THE SITUATION: California’s Reparations Task Force has voted to approve recommendations on how the state may compensate and apologize for slavery and past injustices. The nine-member committee, which first convened almost two years ago, gave final approval at a public meeting in Oakland on Saturday to a report detailing reparations to compensate for discriminatory policies.
After a Fox News report indicated that Newsom would not support the cash payment aspect of the recommendations, a spokesperson for the governor told Newsweek that it was not accurate and he would make up his mind about cash payments after the task force submits its final report. The panel has endorsed calculation methodologies that estimate California’s bill to compensate Black residents could top $800 billion, an amount that far exceeds the state’s annual budget.
Currently, California’s debt stands at about $777 billion, the highest in the country. On May 7th, it was announced that California has defaulted on an $18.5 billion federal debt.
Payouts of up to $1.2 MILLION for every black resident approved by California reparations panelhttps://t.co/6LcklubSlg— Jack Poso 🇺🇸 (@JackPosobiec) May 8, 2023
By Bob Barr
“Gaslight” — psychological manipulation of a person usually over an extended period of time that causes the victim to question the validity of their own thoughts, perception of reality, or memories and typically leads to confusion, loss of confidence and self-esteem, uncertainty of one’s emotional or mental stability, and a dependency on the perpetrator –Merriam-Webster Dictionary
Neither history nor common sense mean anything to those demanding “racial reparations.”
Slavery in America was definitively outlawed upon ratification of the 13th Amendment to our Constitution in 1865. The right to vote was secured against racial discrimination by way of the 15th Amendment just five years later. Federal legislation, including the 1871 criminal deprivation of civil rights law, the landmark 1964 Civil Rights Act, the 1965 Voting Rights Act, and many other statutes, provide robust legal vehicles by which to ensure the principles embodied in the Constitution had real meaning, and were enforceable in courts of law.
Judging by the way the “racial reparations” movement is gaining steam in California, none of these several constitutional and statutory mechanisms ever really existed. Reparations proponents are attempting to gaslight the American people into believing our country sleepwalked through those eras and never addressed the evils of slavery or racial discrimination.
That this reparations movement is gaining notoriety mostly in California, which still ironically claims the moniker of “the Golden State,” should not surprise us. One of the state’s former chief executive, Jerry Brown, was known as “Governor Moonbeam” for his eccentricities and “hippy” image during his first two terms, from 1975 to 1983.
However, the fact that the state’s current governor, Gavin Newsom (who sees a future U.S. president in his mirror each day as he shaves), has elevated such a scam to an official policy level, truly is a wonder to behold.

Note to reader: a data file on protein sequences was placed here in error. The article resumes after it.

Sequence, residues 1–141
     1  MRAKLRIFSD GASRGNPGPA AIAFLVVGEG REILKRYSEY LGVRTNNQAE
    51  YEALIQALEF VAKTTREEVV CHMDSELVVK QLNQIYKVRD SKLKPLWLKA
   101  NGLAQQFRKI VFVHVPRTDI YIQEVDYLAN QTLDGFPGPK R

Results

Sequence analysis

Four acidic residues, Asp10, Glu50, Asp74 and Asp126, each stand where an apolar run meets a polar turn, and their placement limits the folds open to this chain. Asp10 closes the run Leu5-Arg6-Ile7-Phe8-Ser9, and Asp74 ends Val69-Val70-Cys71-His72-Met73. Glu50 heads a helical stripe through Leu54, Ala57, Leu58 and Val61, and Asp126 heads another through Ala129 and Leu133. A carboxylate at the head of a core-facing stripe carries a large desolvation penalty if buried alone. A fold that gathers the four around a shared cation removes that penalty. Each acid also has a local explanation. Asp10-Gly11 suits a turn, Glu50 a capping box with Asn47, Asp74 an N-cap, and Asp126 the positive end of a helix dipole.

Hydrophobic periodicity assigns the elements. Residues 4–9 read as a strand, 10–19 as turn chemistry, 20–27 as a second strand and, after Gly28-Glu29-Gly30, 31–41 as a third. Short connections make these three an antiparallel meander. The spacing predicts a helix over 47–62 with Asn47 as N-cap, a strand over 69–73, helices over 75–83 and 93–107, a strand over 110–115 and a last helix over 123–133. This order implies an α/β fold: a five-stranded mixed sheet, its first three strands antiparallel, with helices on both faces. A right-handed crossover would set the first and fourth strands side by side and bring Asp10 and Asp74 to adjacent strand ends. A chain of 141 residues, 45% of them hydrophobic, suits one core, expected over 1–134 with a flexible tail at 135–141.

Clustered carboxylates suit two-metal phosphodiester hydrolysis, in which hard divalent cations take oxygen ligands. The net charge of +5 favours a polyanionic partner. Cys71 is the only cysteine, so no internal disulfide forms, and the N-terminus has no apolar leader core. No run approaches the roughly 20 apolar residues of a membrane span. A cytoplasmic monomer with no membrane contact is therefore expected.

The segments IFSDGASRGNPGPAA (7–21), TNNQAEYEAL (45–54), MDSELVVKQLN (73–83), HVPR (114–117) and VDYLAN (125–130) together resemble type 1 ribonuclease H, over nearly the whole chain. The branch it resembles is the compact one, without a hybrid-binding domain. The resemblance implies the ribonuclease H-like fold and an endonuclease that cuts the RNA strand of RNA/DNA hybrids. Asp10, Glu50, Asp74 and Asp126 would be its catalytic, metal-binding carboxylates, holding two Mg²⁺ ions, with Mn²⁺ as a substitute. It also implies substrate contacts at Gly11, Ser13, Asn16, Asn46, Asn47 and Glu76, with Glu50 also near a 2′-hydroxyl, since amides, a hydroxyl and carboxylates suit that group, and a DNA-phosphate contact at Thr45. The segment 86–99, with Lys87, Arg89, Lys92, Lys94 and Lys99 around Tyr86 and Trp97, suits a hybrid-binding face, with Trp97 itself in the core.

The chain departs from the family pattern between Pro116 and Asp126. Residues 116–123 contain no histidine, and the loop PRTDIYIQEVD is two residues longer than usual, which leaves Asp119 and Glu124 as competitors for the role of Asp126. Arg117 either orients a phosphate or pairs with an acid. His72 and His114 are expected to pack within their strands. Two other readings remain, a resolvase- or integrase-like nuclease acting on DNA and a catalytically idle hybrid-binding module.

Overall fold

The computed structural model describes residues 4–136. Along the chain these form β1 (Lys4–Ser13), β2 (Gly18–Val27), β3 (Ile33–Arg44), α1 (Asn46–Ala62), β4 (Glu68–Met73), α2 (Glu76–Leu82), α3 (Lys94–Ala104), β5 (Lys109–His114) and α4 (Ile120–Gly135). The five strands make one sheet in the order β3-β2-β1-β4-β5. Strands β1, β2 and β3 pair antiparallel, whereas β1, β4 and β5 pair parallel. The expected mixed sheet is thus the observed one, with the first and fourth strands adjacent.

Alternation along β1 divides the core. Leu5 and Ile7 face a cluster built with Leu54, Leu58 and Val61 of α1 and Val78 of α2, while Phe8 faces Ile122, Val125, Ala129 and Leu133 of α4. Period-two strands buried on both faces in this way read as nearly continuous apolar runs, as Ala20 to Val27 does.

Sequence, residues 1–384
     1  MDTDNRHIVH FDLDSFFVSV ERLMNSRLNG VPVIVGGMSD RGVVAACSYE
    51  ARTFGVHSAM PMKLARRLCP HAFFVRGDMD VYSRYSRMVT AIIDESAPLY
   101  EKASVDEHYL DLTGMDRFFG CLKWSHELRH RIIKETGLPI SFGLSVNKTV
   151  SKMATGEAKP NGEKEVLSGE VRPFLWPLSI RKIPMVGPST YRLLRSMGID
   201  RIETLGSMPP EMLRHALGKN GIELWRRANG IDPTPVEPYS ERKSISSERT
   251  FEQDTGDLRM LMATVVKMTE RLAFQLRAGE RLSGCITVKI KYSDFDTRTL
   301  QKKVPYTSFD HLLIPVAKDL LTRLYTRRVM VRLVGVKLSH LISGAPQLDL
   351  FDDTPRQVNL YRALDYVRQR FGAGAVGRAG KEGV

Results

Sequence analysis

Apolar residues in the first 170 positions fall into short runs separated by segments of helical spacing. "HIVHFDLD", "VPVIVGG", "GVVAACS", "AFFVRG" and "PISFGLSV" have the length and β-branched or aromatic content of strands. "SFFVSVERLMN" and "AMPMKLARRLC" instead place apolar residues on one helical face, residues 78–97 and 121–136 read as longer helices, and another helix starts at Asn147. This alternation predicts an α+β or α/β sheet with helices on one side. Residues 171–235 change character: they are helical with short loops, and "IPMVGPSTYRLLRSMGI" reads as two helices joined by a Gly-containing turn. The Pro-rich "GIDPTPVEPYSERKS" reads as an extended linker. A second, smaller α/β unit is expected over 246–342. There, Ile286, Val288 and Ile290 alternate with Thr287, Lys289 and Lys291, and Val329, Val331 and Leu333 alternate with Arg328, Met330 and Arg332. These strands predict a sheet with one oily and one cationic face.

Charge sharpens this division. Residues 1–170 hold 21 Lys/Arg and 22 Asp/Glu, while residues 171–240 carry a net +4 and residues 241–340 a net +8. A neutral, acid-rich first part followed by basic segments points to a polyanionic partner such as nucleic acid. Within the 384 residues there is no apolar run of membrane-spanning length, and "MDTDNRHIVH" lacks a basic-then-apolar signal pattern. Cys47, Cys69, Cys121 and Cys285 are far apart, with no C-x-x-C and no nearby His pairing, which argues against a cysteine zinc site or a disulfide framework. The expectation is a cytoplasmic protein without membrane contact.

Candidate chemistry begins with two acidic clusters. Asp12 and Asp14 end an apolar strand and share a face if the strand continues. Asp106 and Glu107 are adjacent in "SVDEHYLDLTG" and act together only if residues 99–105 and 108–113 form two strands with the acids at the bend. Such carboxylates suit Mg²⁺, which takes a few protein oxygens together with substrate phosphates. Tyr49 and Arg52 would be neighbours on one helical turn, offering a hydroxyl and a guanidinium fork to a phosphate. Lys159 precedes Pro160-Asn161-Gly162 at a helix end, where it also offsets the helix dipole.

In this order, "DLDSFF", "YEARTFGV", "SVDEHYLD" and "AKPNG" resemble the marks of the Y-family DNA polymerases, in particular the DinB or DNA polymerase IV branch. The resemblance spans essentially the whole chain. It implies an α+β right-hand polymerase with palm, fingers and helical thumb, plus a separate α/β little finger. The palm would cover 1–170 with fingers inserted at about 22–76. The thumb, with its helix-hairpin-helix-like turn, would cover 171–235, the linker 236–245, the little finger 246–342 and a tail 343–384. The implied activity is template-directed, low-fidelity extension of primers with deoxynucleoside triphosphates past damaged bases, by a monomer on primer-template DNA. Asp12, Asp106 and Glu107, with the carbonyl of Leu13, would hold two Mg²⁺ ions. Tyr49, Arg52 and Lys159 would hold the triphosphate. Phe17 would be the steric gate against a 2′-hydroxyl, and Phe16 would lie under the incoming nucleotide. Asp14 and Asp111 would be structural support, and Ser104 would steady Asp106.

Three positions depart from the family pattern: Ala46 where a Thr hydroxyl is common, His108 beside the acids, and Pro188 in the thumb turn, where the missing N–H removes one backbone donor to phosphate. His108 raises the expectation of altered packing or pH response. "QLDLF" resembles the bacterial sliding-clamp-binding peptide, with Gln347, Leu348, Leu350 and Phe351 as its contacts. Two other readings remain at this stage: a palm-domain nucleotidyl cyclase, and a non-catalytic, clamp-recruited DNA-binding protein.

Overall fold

In much the same way that “junk science” has provided the justification for New York Gov. Kathy Hochul to ban the use of natural gas in new construction, “junk history” is at the center of the racial reparations movement. And, as the July 1st deadline for the Newsom-created “California Reparations Task Force” to issue its final report approaches, the rhetoric becomes ever more inflammatory and unhinged.
For example, at a recent public forum where Californians could comment on the proposed handouts, a “Reverend Tony Pierce” boisterously demanded that the only fair dollar figure to be apportioned to him and his fellow Black citizens, was $200 million apiece. The response to such inanity by the Task Force spokesperson was a meek, “Thank you, Reverend.”
That episode encapsulates the junk history on which reparations advocates appear to justify their case – that the anecdotal “40 acres and a mule” of 1865 is today worth a cool $200 million. It is doubtful Rev. Pierce or many of the others clamoring for massive monetary reparations for past – and, in fact, continuing — wrongs understand or much care about the actual historic context or meaning of the “40 acres and a mule” narrative.
The idea of taking 400,000 acres of coastal land seized by Union forces and apportioning it to a limited number of freed slaves in South Carolina and Georgia, was in fact incorporated in a January 1865 “Field Order” signed by Gen. William T. Sherman.
Sherman’s Field Order, signed while he was headquartered in Savannah, Georgia, after completing his “March to the Sea,” was never intended to have any effect beyond the coastal area his forces then occupied (much less thousands of miles away in California), and its terms were never enshrined in law (it was in fact revoked by President Andrew Johnson the same year it was issued). Such factual historic details, however, have no place in the increasingly bellicose rhetoric surrounding the call for reparations to atone for all manner of economic, medical, educational, property, law enforcement, and other wrongs on the long list of factors to which reparations proponents have assigned arbitrary – but extremely large – dollar amounts.
Notwithstanding Newsom’s recent vacillating about the massive monetary payments recommended by the Task Force he established, the political storm he launched is not likely to subside anytime soon. In fact, a former chairwoman of the “mostly peaceful” Black Panther Party already has called on reparations supporters to start protesting. Buckle your seatbelts.
Bob Barr represented Georgia’s Seventh District in the U.S. House of Representatives from 1995 to 2003. He served as the United States Attorney in Atlanta from 1986 to 1990 and was an official with the CIA in the 1970s. He now practices law in Atlanta, Georgia and serves as head of Liberty Guard.